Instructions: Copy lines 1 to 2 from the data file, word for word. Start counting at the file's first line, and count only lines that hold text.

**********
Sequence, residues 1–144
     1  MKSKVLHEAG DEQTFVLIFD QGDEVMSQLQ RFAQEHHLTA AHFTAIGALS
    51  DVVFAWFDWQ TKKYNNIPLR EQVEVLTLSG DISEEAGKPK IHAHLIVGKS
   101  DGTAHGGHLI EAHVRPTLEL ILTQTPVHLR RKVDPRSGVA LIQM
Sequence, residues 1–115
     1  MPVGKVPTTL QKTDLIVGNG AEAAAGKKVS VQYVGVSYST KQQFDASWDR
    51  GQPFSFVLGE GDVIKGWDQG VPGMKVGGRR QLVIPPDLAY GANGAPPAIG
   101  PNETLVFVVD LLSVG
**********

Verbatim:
Sequence, residues 1–144
     1  MKSKVLHEAG DEQTFVLIFD QGDEVMSQLQ RFAQEHHLTA AHFTAIGALS